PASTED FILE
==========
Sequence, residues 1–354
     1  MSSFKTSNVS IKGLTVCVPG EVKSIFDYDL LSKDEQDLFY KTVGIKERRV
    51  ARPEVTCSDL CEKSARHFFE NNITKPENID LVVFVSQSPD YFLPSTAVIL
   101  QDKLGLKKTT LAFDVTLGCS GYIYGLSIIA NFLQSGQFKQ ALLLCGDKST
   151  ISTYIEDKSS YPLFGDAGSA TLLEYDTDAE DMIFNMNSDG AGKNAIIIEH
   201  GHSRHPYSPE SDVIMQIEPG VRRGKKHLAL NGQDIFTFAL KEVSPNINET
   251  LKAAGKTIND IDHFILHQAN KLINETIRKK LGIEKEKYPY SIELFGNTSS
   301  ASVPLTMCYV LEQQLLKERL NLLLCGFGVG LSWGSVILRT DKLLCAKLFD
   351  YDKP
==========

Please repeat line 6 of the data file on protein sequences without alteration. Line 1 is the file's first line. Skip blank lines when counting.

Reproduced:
   201  GHSRHPYSPE SDVIMQIEPG VRRGKKHLAL NGQDIFTFAL KEVSPNINET